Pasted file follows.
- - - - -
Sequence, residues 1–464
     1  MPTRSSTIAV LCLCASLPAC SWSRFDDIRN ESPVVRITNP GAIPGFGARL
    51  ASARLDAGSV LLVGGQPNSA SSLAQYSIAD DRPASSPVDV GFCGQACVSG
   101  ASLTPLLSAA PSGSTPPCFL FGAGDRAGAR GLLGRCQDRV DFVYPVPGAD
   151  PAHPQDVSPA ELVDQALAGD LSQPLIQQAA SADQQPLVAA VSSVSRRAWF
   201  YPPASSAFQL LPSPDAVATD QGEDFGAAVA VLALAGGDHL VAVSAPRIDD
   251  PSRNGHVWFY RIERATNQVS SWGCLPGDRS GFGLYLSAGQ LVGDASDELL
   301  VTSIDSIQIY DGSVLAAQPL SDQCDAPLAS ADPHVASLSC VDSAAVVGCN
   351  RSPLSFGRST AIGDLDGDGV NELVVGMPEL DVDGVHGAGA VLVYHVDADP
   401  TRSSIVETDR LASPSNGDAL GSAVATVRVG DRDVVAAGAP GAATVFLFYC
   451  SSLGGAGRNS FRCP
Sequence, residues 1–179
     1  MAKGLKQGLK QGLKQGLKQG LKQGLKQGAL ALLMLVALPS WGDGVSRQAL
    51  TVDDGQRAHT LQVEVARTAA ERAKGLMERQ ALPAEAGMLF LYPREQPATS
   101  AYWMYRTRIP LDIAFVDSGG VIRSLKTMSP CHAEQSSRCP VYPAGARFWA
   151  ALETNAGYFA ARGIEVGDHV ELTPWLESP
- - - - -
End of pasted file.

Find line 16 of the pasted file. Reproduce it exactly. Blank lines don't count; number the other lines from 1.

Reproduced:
   151  ALETNAGYFA ARGIEVGDHV ELTPWLESP